Vietnam receives another multi-billion-dollar investment from Samsung

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South Korean corporate giant Samsung will invest another $2.5 billion in Vietnam as it seeks to increase its TV display panel production in the country.

The investment will be done through Samsung Electronics’ display panel unit which got approval by the Vietnamese authorities to expand its existing production.

According to Vietnam’s VTV state television, the investment will enable Samsung to increase the production of display panels to 220 million units a year up from the current 180 million annually. With the new funding, Samsung Electronics’ total investment in Vietnam rises to $6.5 billion.

While Vietnam has been known in the past for being a manufacturer of clothing, it has been rapidly expanding into the technology and electronics sectors over the past few years and is now a major manufacturing hub for Samsung Electronics and its many subsidiaries. Apart from Samsung, other large foreign electronics manufacturers in Vietnam are Foxconn, Panasonic, LG, Intel and Jabil.

Low labour costs paired with a reasonably skilled workforce are the primary attractions for many foreign electronics manufacturers to invest in the country. While people in Cambodia, Laos and Myanmar earn less, those countries lack other benefits of Vietnam such as numerous government incentives, including corporate income tax reductions and tax holidays.

In turn, tech companies give the country a unique opportunity to absorb foreign technology and expertise. It also provides capital to fund much-needed improvements in infrastructure  and education, as some companies appear keen to help develop local tech talent.

At the center of Vietnam’s electronics and IT industry stands Saigon Hi-Tech Park, which hosts a number of training facilities and attracts local entrepreneurs and start-up funded by venture capital. There is also an ongoing project to build Saigon Silicon City, a techno park located at the outskirts of Ho Chi Minh City being developed on land that previously was a rice farm.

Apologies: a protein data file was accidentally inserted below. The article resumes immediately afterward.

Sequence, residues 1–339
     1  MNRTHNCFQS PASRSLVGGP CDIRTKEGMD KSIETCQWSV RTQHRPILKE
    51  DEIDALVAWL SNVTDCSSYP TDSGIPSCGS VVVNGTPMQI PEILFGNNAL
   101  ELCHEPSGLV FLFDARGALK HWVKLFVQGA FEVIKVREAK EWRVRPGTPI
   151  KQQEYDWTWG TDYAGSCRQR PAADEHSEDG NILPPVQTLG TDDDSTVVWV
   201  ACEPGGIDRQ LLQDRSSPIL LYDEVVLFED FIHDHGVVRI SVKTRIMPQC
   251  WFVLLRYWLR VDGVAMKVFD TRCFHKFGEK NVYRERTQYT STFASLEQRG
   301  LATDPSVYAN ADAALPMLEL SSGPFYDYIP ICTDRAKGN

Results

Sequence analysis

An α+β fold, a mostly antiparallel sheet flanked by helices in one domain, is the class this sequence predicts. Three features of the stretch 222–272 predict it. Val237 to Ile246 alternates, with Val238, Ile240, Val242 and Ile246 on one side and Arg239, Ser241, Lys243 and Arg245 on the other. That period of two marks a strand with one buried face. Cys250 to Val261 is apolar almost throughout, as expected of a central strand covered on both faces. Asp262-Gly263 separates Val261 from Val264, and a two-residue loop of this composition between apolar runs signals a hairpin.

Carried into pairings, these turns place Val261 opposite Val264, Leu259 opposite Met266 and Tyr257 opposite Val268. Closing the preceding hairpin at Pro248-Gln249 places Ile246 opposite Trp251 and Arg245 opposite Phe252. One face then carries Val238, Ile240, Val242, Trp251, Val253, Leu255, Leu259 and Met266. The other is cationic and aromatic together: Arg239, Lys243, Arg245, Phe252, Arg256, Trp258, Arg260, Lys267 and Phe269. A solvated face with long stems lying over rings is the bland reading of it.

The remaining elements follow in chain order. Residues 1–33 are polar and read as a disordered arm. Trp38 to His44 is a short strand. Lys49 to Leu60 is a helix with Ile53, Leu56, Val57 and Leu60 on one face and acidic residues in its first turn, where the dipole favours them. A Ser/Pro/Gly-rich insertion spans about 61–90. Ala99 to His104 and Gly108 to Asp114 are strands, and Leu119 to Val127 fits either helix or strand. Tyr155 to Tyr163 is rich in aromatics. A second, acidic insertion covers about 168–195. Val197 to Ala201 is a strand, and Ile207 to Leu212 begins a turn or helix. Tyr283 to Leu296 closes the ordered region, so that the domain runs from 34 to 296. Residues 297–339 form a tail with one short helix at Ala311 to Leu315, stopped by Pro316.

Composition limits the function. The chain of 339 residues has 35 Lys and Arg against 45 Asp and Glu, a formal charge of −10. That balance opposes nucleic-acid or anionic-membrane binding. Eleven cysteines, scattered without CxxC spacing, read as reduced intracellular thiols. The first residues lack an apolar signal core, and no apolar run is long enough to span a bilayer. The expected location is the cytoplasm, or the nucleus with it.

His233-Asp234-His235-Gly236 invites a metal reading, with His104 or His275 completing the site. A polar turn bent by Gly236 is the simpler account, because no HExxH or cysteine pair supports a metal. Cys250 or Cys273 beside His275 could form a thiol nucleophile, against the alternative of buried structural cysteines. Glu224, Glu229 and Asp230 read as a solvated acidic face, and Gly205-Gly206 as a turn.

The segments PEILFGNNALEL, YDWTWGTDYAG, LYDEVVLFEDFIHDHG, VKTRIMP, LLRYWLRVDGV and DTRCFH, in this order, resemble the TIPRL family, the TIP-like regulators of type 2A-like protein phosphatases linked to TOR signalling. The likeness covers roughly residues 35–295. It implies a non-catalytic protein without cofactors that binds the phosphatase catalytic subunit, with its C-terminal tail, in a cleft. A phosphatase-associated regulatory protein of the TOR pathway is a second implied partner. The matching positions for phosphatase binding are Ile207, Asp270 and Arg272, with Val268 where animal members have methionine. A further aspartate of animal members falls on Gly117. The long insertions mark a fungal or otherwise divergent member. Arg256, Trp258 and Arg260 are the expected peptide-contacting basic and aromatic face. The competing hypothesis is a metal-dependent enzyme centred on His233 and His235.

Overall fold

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South Korean corporate giant Samsung will invest another $2.5 billion in Vietnam as it seeks to increase its TV display panel production in the country. The investment will be done through Samsung Electronics' display panel unit which got approval by the Vietnamese authorities to expand its existing production. According to Vietnam's VTV state television, the investment will enable Samsung to increase the production of display panels to 220 million units a year up from the current 180 million annually. With the new funding, Samsung Electronics’ total investment in Vietnam rises to $6.5 billion. While Vietnam has been known in the...

Reading Time: 2 minutes

South Korean corporate giant Samsung will invest another $2.5 billion in Vietnam as it seeks to increase its TV display panel production in the country.

The investment will be done through Samsung Electronics’ display panel unit which got approval by the Vietnamese authorities to expand its existing production.

According to Vietnam’s VTV state television, the investment will enable Samsung to increase the production of display panels to 220 million units a year up from the current 180 million annually. With the new funding, Samsung Electronics’ total investment in Vietnam rises to $6.5 billion.

While Vietnam has been known in the past for being a manufacturer of clothing, it has been rapidly expanding into the technology and electronics sectors over the past few years and is now a major manufacturing hub for Samsung Electronics and its many subsidiaries. Apart from Samsung, other large foreign electronics manufacturers in Vietnam are Foxconn, Panasonic, LG, Intel and Jabil.

Low labour costs paired with a reasonably skilled workforce are the primary attractions for many foreign electronics manufacturers to invest in the country. While people in Cambodia, Laos and Myanmar earn less, those countries lack other benefits of Vietnam such as numerous government incentives, including corporate income tax reductions and tax holidays.

In turn, tech companies give the country a unique opportunity to absorb foreign technology and expertise. It also provides capital to fund much-needed improvements in infrastructure  and education, as some companies appear keen to help develop local tech talent.

At the center of Vietnam’s electronics and IT industry stands Saigon Hi-Tech Park, which hosts a number of training facilities and attracts local entrepreneurs and start-up funded by venture capital. There is also an ongoing project to build Saigon Silicon City, a techno park located at the outskirts of Ho Chi Minh City being developed on land that previously was a rice farm.

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